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Home » Digital Divide » Broadband and Mobile Innovation Impacting Digital Divide for Hispanics, Recent Studies Suggest

By Enrique Cortez
June 3, 2011

A spate of recent studies examining the societal impact of technological innovations provides a revealing look at how the Hispanic community is accessing the Internet.  The data, while uncovering the intriguing trend of Hispanics’ growing adoption rate of broadband and wireless technology-driven applications, raises the question of what this zealous embrace of online apps and mobile services by the Hispanic community means to the Digital Divide.

Two new studies from the Pew Research Center’s Internet & American Life Project show Hispanics leading in Internet use for specific communication purposes.  The first survey illustrates that Hispanics were the biggest users of the Internet to make phone calls.  Of those surveyed, 27 percent of Hispanics reported using video telephone services such as Skype or Internet services such as a Vonage plan to make calls, compared with 21 percent of both blacks and whites.

Overall, the findings showed that nearly 20 percent of all American adults now use the Internet to make phone calls and 24 percent of Internet users have made phone calls online.  Interestingly, the survey also found that Internet phone users were more likely to be 18-29 years old, college educated and earning more than $75,000 a year.

“There is little doubt that the popularity of online phone calling has picked up over time for several reasons,” the report states. “It is free or cheaper than other types of phone calling; it is enabled on many handheld devices like smartphones and tablet computers; more and more meetings and classroom activities exploit online phone connections along with video capabilities; and more families and friends are building online calls into their communications streams.”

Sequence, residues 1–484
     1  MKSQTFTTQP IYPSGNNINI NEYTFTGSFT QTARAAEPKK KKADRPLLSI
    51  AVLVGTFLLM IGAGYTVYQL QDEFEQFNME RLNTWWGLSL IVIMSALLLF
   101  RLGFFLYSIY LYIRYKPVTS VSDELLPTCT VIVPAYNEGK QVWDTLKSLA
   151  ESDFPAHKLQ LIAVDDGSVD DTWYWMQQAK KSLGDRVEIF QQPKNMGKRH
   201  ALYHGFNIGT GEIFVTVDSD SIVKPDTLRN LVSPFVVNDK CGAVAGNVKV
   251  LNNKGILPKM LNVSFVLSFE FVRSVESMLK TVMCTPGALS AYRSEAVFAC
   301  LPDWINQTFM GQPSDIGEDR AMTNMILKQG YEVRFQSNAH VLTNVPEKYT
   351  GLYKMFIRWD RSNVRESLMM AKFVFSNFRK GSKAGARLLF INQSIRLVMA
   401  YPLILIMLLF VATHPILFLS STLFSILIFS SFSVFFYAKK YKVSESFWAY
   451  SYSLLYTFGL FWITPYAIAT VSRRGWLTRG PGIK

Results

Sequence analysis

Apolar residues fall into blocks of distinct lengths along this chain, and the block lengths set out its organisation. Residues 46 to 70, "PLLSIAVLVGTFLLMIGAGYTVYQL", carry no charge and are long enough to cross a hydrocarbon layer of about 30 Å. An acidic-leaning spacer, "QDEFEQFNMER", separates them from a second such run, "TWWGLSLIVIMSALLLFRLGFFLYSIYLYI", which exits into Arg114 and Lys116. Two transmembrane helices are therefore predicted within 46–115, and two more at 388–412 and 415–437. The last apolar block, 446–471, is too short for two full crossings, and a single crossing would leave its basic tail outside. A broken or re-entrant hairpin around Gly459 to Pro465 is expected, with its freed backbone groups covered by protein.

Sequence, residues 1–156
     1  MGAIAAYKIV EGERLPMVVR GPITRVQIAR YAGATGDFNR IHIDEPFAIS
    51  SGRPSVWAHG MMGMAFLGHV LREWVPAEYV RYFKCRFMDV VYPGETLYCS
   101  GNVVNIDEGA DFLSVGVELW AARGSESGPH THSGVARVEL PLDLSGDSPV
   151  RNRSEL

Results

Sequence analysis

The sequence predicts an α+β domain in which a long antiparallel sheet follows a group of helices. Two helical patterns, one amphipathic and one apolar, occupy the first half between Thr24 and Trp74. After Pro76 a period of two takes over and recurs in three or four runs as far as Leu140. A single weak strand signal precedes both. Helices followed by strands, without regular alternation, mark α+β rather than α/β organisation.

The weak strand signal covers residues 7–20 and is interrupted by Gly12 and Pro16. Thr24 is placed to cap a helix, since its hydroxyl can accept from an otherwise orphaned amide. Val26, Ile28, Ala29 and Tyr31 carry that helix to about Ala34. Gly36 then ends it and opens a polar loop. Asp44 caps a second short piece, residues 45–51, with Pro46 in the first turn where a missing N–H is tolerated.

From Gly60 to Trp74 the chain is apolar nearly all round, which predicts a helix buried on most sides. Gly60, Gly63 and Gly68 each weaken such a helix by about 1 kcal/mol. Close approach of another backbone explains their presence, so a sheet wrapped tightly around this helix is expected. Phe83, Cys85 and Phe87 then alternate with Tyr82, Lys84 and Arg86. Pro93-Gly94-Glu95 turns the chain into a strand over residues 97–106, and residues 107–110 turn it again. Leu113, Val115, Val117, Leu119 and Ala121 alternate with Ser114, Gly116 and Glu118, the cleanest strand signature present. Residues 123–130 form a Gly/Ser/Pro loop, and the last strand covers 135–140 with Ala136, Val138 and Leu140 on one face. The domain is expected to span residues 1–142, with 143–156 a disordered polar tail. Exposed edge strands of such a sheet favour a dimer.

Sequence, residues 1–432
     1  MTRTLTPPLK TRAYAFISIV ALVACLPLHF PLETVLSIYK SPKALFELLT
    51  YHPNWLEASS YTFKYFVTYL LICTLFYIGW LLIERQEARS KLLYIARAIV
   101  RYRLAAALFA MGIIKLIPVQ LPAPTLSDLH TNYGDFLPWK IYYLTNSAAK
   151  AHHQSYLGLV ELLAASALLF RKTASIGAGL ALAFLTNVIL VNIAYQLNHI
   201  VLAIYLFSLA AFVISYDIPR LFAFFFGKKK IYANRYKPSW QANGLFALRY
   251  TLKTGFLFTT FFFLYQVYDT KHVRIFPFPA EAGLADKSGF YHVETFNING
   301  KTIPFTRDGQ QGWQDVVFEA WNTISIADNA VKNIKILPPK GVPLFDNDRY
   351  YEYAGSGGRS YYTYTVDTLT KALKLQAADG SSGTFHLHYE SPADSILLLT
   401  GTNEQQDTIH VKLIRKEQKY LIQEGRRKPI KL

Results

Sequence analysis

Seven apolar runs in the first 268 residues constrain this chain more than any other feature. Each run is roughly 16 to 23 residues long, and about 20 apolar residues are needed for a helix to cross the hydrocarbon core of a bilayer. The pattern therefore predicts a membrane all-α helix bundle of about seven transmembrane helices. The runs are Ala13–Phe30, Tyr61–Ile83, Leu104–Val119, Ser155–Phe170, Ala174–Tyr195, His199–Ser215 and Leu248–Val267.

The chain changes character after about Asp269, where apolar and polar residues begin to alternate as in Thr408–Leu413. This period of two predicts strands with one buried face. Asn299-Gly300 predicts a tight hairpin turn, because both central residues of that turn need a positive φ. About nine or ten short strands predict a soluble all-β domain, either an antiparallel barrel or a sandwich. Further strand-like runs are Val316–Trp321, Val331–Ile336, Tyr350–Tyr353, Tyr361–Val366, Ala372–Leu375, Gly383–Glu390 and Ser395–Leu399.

The second survey examines the mounting use of Twitter by adult Web users showing that Blacks and Hispanics continue to sign up for the micro-blogging site at higher rates than the general population.   The findings showed that 13 percent of online adults identify as Twitter users with 25 percent of Blacks and 19 percent of Hispanics on Twitter, compared to 9 percent of non-Hispanic whites.  The study also showed that 95 percent of Twitter users own a mobile phone and half use the device to access the service.

As HTTP has previously discussed , recent surveys have shown Hispanics have benefited greatly from mobile technology and rely on their mobile phones as their primary connection to the Web at a far greater rate than the rest of the population. These reports have repeatedly shown that Hispanics are on the forefront of adopting the latest digital communications tools.

With 87 percent of Hispanics owning a cell phone and using it more often as well as utilizing more digital features than any other group, it is clear that further examination is needed on the impact mobile broadband is making on the Digital Divide.  If Hispanics are logging-on through their phones in more and more numbers, what can the Hispanic-serving community as well as private industry do to ensure that those areas of great concern – digital literacy, access, etc. – are addressed so that the Hispanic community takes full advantage of all the opportunities to be gained online?  Developing an answer to this question will take new thinking and strategies developed on the possibilities made real through mobile broadband platforms.

Enrique Cortez is President and Founder of Enitial Advanced Communications.

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